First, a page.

If the Trai recommendation of not having 800 Mhz auctions had been accepted by DoT then Auspi members would not have been able to buy anymore 800 Mhz spectrum in the future and their growth would definitely be impacted, says Ashok Sud, Secretary General, Auspi.
He says Trai is being questioned on the methodology deployed to arrive at the spectrum prices and whether the telecom regulator had actually thought of the premium that should go in as a result of the new spectrum being liberalised.
Rajan Mathews, Director General of COAI, on the other hand feels that Trai and Rahul Khullar had done a rather commendable job in terms of clarity and comprehensiveness with which they had addressed all of the various recommendations they had put up. But DoT asking for more clarifications just drags the uncertainty shrouding the sector, he says. It continues to delay the much needed spectrum that is needed to grow this business and the sector, he adds.
Below is the verbatim transcript of Ashok Sud & Rajan Mathews' interview on CNBC-TV18
Q: The Trai had suggested a huge significant cut essentially from Rs 14000 crore to Rs 7400 crore and of particular interest to you was also the recommendation that there should be no future CDMA spectrum auctions. How do you take this development and the 9 member panel report?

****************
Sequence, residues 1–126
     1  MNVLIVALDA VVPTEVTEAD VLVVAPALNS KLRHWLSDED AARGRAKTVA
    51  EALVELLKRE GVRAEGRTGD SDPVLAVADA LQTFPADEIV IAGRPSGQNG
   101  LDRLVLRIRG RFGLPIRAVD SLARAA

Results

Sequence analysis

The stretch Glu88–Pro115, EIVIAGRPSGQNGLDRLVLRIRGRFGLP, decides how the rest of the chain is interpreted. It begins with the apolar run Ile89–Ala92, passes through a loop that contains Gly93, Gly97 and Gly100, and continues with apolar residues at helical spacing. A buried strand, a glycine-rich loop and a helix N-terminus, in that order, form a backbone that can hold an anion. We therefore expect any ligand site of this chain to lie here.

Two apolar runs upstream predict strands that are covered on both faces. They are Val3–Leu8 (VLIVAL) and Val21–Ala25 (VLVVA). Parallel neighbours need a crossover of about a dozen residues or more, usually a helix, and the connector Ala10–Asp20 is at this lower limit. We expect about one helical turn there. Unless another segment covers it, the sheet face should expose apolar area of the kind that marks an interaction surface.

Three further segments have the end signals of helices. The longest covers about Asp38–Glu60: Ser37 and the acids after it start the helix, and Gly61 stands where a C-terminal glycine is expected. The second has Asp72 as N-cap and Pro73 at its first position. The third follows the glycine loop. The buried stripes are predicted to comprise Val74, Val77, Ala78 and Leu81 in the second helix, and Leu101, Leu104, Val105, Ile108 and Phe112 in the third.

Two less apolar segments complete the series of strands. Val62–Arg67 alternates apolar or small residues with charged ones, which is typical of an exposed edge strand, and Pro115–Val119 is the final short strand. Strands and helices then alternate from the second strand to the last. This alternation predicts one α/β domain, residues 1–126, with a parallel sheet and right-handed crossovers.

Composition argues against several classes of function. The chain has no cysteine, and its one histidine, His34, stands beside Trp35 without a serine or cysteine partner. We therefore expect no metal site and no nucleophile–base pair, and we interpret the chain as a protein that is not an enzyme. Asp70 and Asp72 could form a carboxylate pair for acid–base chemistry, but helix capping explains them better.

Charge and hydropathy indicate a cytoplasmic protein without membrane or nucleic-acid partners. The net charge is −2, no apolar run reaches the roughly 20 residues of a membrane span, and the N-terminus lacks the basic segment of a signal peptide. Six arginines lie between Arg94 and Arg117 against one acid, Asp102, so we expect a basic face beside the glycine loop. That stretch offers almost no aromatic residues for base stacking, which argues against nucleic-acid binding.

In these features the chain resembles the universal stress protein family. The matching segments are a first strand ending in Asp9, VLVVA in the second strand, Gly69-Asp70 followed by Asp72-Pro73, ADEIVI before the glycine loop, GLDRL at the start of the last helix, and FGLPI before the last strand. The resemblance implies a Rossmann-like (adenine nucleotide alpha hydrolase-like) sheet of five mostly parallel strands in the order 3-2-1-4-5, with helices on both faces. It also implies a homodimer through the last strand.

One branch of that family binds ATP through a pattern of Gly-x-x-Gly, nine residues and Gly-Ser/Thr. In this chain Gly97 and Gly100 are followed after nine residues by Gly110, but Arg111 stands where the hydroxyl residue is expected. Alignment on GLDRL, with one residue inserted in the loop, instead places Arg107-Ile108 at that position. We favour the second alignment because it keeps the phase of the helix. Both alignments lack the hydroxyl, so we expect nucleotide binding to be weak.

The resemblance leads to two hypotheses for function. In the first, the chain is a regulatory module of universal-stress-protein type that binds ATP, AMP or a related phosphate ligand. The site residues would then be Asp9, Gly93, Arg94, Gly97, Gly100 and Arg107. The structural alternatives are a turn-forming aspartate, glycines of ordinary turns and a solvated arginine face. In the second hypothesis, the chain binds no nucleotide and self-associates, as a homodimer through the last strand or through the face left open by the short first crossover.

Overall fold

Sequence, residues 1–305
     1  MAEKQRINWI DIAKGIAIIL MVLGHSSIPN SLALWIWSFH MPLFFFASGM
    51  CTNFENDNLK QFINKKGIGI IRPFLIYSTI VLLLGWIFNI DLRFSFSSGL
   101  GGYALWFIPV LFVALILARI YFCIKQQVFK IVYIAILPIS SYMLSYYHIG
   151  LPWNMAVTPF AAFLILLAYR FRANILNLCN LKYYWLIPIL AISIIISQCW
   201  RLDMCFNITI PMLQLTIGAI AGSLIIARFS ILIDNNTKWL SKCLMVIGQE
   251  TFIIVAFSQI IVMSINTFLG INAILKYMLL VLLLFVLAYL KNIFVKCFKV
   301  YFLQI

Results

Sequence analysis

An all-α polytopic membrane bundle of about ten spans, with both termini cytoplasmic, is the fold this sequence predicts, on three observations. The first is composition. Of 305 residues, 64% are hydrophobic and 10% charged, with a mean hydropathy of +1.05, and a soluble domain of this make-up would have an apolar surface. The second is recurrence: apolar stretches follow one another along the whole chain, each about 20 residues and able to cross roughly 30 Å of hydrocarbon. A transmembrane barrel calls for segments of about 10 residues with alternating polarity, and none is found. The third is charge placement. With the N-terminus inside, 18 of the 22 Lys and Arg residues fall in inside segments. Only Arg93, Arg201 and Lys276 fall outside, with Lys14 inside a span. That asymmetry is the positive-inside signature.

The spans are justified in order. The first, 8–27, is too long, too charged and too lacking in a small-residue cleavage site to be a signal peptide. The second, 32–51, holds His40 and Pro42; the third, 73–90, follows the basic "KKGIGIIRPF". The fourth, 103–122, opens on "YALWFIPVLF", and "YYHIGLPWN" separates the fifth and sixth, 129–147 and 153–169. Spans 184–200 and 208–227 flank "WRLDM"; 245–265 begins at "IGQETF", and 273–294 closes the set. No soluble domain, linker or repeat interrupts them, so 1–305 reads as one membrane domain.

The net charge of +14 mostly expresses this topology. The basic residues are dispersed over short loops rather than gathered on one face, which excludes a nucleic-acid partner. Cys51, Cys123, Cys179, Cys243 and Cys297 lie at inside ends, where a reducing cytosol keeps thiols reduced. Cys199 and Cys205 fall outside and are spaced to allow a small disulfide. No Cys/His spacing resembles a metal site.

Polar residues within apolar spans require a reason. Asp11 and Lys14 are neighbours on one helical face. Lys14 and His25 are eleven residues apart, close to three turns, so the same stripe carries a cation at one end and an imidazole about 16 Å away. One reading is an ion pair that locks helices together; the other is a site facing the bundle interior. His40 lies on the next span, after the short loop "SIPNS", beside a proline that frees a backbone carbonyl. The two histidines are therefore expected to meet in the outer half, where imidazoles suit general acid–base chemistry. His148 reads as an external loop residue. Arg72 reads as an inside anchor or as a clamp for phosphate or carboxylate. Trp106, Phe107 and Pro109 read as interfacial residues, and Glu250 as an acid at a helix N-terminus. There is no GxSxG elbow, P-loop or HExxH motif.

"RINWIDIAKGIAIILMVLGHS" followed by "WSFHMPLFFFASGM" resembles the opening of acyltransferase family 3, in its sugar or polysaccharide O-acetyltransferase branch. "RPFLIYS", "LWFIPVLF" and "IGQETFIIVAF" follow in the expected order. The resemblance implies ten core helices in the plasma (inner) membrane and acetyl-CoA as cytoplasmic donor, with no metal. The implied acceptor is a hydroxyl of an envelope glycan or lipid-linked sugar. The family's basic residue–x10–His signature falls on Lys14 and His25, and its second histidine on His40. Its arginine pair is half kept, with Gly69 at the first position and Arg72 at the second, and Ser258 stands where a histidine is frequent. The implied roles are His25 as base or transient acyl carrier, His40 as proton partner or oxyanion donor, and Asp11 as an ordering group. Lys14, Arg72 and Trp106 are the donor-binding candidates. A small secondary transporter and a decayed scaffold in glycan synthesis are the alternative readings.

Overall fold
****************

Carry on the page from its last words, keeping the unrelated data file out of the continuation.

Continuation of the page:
A: We are very happy with the Department of Telecom (DoT) and we are on the same plank when it comes to the issue of 800 Mhz. As you would agree with me if the Trai recommendation of not having 800 Mhz auctions had been accepted then our members would not have been able to buy anymore 800 Mhz spectrum in the future and therefore their growth would definitely be impacted.
Q: The point really is that Trai believes that spectrum was being over valued especially in the context of what has happened in the last two years, it then said let us reduce the value. Why do you think the government and its officers believe that is not right? Ultimately higher input cost would be passed on to consumers?
A: I really do not know what is in the minds of the telecom commission or the government officers but from whatever one hears from the press – they have sought clarifications on the methodology that Trai has followed in order to arrive at these prices and it appears to me that what they are questioning is whether Trai has actually thought of the premium that should go in as a result of the new spectrum being liberalised.
Q: The report had said that as far as the previous round of auction was concerned it disagrees with the belief that what we had seen was a failed auction and said that those prices were not relevant to actual market price because it was only for incremental spectrum, would you agree with that observation?
A: I don’t quite agree with that - the fact remains that in 14 circles if I remember one operator has infact gone and purchased more spectrum. Having said that from whatever one learns as far as Auspi is concerned, we had raised three issues with DoT after having read the Trai recommendations, one was that there should be a possibility for 800 Mhz auctions across all the circles. Two, that the Trai or DoT must also show what is the reserve price for 900 Mhz spectrum so that for any auction the members can decide whether they want to bid for 900 or 1800 Mhz. We had also said that we do not agree with the concept of a flat SUC because that would create a whole lot of problems of various kinds and therefore we are very happy to note that on all these three issues, DoT seems to be in agreement with our line of thinking.